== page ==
Some are interpreting Donald Trump’s U.S. presidential election win as a rural roar.
Looking at an election result map, aside from the urban West Coast and North East in Democrat blue, a vast swath of the United States — the part that is more rural — is solidly Republican red.
Rural voters also ensured that both houses of Congress are majority Republican.
Of course, the divide is not absolute. There are Democrats in red states and Republicans in blue states.
There are endless reasons why people voted the way they did, but one suggestion that has persuasive force is that many in the red states, those who grow crops and raise livestock, drill for gas and oil, harvest timber and extract minerals and the legions who work in related service industries, are sick of being lectured and portrayed as evil and uninformed by liberal elites.
Many of them vote Republican anyway, but many also believe Trump understands their problems and will address them by shaking up the status quo.
One part of the status quo that Trump promised to transform is the system of trade agreements that has evolved over the past 35 years. He promised to renegotiate the North American Free Trade Agreement and abandon the Trans-Pacific Partnership.
That caused much consternation in Canada.
The U.S. accounts for 75 percent of Canada’s exports and 66 percent of imports as of 2015. The total value of Canada-U.S. trade is $671 billion, and agricultural trade accounts for $47 billion of that.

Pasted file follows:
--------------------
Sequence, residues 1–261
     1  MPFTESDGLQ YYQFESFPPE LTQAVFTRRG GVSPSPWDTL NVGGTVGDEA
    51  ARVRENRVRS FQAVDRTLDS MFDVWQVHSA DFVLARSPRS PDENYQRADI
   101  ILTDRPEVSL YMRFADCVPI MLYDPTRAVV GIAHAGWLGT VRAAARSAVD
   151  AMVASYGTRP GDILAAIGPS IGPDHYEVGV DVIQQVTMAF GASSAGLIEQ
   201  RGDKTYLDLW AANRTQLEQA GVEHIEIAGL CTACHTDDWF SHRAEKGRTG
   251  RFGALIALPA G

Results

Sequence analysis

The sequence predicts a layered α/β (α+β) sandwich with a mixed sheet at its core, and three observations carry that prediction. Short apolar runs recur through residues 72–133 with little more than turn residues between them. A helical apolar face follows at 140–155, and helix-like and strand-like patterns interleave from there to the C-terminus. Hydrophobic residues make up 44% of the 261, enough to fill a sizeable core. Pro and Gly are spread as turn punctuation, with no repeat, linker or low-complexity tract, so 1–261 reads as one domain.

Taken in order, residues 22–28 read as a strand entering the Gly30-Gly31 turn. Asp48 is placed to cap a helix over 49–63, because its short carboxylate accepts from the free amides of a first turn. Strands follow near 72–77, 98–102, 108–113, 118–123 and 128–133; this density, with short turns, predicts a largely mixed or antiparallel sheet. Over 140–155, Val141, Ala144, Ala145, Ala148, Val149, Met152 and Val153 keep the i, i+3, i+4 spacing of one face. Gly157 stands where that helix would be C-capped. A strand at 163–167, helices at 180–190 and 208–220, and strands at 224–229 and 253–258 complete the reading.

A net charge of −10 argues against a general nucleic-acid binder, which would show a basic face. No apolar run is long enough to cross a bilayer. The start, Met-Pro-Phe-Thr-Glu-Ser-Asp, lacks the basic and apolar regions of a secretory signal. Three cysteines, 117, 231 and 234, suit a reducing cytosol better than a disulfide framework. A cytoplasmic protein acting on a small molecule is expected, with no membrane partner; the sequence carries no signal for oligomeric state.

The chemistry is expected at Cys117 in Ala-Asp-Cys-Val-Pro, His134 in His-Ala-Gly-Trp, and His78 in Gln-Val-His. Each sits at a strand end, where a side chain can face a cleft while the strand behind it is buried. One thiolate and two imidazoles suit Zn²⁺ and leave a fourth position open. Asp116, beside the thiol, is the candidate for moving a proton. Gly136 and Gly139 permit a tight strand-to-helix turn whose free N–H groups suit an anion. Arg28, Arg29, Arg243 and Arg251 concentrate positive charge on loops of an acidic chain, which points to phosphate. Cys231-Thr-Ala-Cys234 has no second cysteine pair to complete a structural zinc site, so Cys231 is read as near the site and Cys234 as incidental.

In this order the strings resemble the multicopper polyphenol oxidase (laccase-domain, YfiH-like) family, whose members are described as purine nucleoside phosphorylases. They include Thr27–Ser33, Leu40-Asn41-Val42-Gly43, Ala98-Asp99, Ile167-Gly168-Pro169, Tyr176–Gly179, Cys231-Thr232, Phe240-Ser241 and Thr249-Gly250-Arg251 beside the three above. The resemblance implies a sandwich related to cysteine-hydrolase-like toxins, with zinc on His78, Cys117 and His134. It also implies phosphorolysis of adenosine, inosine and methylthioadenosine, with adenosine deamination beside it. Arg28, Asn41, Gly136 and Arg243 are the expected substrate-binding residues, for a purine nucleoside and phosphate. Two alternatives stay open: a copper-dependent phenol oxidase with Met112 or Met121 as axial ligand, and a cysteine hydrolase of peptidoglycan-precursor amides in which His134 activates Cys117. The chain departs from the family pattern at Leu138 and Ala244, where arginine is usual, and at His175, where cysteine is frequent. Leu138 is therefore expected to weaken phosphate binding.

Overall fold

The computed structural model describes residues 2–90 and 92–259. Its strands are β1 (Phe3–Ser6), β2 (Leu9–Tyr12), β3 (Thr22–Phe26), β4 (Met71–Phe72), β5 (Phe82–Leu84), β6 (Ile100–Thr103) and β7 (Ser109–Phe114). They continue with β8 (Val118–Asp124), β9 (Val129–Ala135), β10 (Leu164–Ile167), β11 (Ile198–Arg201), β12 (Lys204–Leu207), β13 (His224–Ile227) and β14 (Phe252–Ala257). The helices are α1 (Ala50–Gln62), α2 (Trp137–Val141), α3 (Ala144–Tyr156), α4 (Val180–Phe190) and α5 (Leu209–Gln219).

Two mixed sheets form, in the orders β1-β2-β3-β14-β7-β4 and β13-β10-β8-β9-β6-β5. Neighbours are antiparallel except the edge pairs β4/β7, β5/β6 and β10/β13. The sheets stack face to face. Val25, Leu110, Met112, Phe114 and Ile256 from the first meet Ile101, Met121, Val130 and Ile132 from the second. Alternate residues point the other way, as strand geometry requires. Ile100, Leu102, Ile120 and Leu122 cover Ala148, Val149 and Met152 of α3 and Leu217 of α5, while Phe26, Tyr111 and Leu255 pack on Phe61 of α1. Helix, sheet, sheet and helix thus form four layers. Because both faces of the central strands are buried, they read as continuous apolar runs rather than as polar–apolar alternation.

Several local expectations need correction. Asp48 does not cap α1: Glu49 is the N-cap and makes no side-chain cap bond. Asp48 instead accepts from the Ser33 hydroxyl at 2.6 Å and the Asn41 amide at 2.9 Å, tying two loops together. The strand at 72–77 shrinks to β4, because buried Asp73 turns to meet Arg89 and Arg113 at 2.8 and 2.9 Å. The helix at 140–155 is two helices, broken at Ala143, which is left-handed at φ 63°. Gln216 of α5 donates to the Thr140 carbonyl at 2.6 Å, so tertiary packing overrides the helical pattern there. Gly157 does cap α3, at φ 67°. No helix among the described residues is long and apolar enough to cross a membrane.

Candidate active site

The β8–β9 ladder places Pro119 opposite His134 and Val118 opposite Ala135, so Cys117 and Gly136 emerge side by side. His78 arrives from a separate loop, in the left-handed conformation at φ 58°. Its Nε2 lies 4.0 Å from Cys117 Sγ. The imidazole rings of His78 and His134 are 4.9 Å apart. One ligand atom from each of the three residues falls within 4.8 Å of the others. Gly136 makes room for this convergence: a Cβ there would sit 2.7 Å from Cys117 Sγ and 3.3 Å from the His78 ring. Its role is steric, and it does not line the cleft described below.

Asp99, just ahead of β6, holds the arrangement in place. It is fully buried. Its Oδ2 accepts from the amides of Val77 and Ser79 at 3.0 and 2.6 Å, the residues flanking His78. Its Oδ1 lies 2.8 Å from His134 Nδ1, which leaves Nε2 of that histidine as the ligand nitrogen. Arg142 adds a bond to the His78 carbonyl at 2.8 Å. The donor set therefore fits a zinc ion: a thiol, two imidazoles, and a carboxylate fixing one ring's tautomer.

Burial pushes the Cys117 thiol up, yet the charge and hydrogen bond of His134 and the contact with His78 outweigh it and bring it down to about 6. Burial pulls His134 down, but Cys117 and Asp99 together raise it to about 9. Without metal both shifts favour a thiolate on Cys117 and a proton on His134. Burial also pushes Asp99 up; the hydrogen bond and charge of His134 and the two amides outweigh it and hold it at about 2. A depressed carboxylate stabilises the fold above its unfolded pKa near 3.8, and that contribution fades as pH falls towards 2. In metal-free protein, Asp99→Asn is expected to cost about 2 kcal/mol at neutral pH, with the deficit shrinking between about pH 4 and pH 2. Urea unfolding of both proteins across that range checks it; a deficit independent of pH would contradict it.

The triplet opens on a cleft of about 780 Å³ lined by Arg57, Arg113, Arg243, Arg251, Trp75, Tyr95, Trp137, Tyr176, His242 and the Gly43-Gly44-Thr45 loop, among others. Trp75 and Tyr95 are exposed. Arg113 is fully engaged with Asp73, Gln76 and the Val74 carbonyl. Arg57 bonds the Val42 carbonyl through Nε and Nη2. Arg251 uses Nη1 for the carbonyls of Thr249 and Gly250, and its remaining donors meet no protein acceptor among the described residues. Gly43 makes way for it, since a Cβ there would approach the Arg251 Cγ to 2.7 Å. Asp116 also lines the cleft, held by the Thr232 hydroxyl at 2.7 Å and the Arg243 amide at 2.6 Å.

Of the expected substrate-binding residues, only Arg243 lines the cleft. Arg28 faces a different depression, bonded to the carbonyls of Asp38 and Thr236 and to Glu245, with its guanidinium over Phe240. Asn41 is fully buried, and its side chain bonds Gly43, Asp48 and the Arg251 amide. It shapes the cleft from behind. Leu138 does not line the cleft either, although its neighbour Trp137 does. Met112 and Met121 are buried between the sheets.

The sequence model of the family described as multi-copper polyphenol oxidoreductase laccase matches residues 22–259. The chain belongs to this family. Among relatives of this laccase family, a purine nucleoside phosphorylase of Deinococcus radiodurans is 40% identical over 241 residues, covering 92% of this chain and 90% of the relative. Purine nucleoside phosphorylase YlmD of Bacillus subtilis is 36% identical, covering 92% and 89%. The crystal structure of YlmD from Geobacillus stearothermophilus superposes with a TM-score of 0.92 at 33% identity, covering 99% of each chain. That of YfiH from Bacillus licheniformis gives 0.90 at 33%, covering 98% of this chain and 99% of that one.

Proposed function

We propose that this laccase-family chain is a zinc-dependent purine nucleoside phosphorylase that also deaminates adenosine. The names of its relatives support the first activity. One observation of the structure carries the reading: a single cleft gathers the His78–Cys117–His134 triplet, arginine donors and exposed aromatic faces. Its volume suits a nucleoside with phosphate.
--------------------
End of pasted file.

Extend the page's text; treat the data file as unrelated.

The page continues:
Most of Trump’s protectionist rhetoric was focused on Mexico as the destination of companies leaving to find cheaper labour.
Prime Minister Justin Trudeau, perhaps hoping that Trump’s Mexico fixation will give Canada a mostly free ride, has already offered talks on NAFTA.
Canada can also put some faith in the fact that there are many checks and balances in the American political system.
The presidency has few powers it can wield alone. Most policy moves forward only with the support of Congress. The states also have a voice.
The Republican party is traditionally favourable to international trade, and the governors of 35 states know that Canada is their top export destination.
As well, major U.S. farm organizations and commodity groups are export oriented and generally in favour of trade agreements that open markets for U.S. produced crops and meat. However, that didn’t stop R-Calf from convincing Congress to implement country-of-origin labelling.
Ultimately, trade issues might not be the biggest impact of a Trump administration on Canadian agriculture.
Trump’s rhetoric against corporate concentration might mean that proposed mergers of Monsanto and Bayer and of DuPont and Dow could face strong opposition.
However, environmental regulation might be softened, allowing more speedy approval of new agricultural chemicals and genetically modified crops and less control over water.
His agricultural policy advisers line up more with agribusiness and mainstream commercial farming than with those interested in local food, anti-GMOs, organic and animal rights.
Trump won’t act on climate change, making the Canadian government’s policy on a carbon tax more difficult to implement.
On a lot of this, many Canadian farmers would agree, even if they might disagree with Trump’s style and other policy stances.
Bruce Dyck, Barb Glen, Brian MacLeod, D’Arce McMillan and Michael Raine collaborate in the writing of Western Producer editorials.